Would it be possible for me to move to London? (US citizen)?

Just curious of the possibility, not likely something I may actually do but still interested to have opinions/advice from anyone who is familiar with London, or any other areas close by.

From what I currently understand the three types of visa are either for up to 6 month stay as a tourist, a work visa, or a student visa.

A tourist visa seems out of the question, because I would need to be allowed to search for work in order to afford my stay (I can't even afford a normal 1-2 day vacation to London with my current salary). That would leave either a work visa or a student visa, although I have doubts what my education/work experience skills would amount to.

I'm currently 21 attending a community college (with fair grades) for an associate's degree in Early Childhood Education. As for work experience, I have worked as a daycare teacher assistant for 4 years now with children ages 6 months-Kindergarten and am CPR certified. So with my background, it would make the most sense for me to pursue a job at a daycare or as a nanny but I have no idea what the odds are of me finding such work easily. I would be interested in being a student to go further into Early Childhood Education or get into Art Therapy, but I don't think my community college background would give me much credit for transfering into a good college in or near London as a US citizen...

Unfortunately, I don't know anyone who is from the UK or is familiar with England any further than I am, so I would love to hear any stories/advice/tips that you may have if you do. I've never even traveled outside of the country before, but call me crazy, I've always loved London and seems like it would be an adventure as well as a refreshing change from my boring town in Connecticut where I have lived my whole life. I'm clueless how possible this actually may be for me or what it would really be like to move to London/live there for an extended period of time, but I just might be brave enough to go about this without any connections/friends already living in there. I appreciate all responses to this post and thanks in advance! =)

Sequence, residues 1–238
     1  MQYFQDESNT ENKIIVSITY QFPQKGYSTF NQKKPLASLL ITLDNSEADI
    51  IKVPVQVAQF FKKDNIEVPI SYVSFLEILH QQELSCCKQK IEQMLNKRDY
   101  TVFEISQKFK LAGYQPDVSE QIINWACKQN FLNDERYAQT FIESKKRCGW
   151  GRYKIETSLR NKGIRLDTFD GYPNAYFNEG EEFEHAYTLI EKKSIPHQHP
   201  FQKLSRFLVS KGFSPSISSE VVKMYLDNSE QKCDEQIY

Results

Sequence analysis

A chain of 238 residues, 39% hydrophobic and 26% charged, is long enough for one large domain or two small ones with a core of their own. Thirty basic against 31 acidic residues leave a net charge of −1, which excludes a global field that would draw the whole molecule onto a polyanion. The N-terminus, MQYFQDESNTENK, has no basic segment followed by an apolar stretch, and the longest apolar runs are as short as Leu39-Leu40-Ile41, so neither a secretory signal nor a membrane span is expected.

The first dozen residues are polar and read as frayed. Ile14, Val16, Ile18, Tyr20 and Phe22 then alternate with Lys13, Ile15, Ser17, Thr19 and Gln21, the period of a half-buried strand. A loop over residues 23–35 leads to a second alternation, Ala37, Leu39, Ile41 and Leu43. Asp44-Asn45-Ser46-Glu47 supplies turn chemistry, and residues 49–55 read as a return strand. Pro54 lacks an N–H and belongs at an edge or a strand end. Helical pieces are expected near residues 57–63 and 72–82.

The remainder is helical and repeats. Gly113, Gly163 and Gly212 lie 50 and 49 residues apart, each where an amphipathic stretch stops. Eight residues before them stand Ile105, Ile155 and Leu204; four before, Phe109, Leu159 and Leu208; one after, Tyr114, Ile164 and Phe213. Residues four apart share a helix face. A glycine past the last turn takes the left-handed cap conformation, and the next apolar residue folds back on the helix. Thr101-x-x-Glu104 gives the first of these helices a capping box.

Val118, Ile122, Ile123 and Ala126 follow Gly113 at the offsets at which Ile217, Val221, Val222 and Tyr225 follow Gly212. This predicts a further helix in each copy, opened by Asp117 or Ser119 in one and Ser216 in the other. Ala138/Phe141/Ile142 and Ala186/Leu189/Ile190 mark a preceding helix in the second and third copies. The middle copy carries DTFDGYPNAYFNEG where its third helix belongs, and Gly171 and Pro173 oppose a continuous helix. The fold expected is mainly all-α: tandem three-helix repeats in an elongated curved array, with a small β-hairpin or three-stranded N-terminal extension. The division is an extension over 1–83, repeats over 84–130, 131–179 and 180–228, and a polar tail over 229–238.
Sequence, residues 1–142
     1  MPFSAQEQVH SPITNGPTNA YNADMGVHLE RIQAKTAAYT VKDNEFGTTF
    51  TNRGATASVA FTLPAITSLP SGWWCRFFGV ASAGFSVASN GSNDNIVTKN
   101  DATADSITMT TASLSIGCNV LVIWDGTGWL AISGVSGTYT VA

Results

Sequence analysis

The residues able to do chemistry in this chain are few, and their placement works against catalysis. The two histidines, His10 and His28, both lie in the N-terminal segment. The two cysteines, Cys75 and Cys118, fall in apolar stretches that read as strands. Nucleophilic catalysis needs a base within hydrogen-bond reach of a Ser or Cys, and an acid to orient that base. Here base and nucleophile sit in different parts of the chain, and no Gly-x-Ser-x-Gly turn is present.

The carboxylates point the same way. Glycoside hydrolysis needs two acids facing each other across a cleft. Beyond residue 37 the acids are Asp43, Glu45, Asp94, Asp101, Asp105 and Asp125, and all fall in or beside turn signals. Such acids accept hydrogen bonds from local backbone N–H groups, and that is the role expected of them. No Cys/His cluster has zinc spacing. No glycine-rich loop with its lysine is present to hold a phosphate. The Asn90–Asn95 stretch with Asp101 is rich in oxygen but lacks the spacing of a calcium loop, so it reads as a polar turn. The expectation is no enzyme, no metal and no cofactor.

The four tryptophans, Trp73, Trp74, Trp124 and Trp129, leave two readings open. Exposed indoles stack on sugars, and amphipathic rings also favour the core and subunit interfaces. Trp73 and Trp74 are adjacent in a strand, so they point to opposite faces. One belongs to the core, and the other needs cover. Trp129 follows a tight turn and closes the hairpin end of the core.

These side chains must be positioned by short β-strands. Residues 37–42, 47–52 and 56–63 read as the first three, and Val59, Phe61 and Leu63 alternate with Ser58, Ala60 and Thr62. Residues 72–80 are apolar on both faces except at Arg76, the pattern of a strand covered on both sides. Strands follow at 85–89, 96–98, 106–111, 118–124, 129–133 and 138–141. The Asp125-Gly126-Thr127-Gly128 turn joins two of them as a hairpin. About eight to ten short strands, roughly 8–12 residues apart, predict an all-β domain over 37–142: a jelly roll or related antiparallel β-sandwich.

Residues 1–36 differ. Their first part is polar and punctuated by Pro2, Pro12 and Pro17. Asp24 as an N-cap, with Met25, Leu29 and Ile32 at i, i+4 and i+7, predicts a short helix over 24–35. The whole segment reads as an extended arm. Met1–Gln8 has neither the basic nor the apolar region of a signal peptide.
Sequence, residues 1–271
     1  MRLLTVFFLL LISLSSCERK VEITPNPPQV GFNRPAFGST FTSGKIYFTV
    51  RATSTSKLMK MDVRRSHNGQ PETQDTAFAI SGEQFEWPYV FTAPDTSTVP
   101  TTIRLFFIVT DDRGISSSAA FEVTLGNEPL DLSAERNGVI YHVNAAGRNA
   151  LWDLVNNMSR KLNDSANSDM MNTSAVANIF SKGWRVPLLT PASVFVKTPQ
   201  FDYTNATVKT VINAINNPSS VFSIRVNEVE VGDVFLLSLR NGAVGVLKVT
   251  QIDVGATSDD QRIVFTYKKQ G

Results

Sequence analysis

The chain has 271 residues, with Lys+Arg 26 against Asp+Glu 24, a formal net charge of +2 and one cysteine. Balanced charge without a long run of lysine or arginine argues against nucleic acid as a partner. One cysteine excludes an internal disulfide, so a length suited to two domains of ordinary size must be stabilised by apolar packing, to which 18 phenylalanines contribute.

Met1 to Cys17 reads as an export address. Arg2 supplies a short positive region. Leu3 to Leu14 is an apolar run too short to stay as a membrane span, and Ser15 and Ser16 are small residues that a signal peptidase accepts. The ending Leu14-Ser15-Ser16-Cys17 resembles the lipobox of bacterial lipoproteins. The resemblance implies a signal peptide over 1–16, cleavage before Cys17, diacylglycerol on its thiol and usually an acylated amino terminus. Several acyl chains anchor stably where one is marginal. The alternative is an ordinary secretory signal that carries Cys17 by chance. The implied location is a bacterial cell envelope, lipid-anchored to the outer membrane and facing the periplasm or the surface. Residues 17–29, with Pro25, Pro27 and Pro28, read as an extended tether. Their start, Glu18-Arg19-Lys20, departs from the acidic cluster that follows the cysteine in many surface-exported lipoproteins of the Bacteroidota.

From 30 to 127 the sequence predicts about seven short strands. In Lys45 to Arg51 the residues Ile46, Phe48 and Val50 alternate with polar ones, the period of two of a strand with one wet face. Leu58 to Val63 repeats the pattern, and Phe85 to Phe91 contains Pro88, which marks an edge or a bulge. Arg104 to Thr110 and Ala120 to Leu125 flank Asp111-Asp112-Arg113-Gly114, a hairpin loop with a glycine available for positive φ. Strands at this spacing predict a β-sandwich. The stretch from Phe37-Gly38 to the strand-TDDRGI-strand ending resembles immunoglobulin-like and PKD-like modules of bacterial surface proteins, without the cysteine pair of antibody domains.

10 Answers

  • 8 years ago
    Favorite Answer

    You've obviously started checking out the visas issue, and you're right: it isn't at all easy for a US citizen to get a work visa for the UK. We have the same difficulties with visas for the US. =)

    Your suspicions are correct about your own work prospects here: you wouldn't be granted a UK work visa as a daycare assistant or as a child education specialist. Competition for jobs here is *massive* and priority goes to any citizen of a European Union (EU) country. EU citizens have the right to live and work in any EU country.

    The UK also has a reciprocal agreement with several countries (the US isn't one of them) to allow young people to come here to live and work temporarily - and childcare / teaching are popular fields of work for many of them.

    So for people from countries with no reciprocal immigration or work policies, your choices are limited.

    You can get a UK work permit if you are a successful entrepreneur (with the $$m to prove it)

    Or if you have a skill needed here which no one in the EU can offer

    Or if you're working on assignment for a US company with bases in the UK. In this case, the job must be one that no EU citizen could fill.

    The only other exception is if one of your parents was born a British citizen, in which case you can claim British citizenship "by descent" which gives you full work and residency rights.

    All this sounds pretty extreme - but it's very similar to the restrictions which the US places on potential workers from overseas.

    Why not think again about coming here as a visitor? As you already know, that would let you stay for anything up to six months, though I realise that your budget would probably limit it to a few weeks max.

    Have a think about travelling with one of the hospitality-exchange networks. That way you can stay with a local, in their home - a better kind of travel experience for many than hotels/hostels. And you stay for free, so you'd only need to save up for your flights, food and day-to-day expenses. You might dip a toe in the water first by having visitors to stay with you. Your Connecticut home town may not be boring to someone from another country. =)